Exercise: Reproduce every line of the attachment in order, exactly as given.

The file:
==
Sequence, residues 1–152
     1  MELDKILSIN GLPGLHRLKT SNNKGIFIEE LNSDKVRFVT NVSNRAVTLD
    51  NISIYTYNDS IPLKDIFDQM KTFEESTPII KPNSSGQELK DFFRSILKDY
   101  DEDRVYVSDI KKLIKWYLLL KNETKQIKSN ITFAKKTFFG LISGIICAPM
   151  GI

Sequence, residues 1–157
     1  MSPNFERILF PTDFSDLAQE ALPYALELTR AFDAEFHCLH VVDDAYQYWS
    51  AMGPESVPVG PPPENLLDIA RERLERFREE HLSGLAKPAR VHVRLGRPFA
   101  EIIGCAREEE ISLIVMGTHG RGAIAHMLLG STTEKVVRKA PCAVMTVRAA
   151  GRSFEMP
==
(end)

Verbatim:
Sequence, residues 1–152
     1  MELDKILSIN GLPGLHRLKT SNNKGIFIEE LNSDKVRFVT NVSNRAVTLD
    51  NISIYTYNDS IPLKDIFDQM KTFEESTPII KPNSSGQELK DFFRSILKDY
   101  DEDRVYVSDI KKLIKWYLLL KNETKQIKSN ITFAKKTFFG LISGIICAPM
   151  GI

Sequence, residues 1–157
     1  MSPNFERILF PTDFSDLAQE ALPYALELTR AFDAEFHCLH VVDDAYQYWS
    51  AMGPESVPVG PPPENLLDIA RERLERFREE HLSGLAKPAR VHVRLGRPFA
   101  EIIGCAREEE ISLIVMGTHG RGAIAHMLLG STTEKVVRKA PCAVMTVRAA
   151  GRSFEMP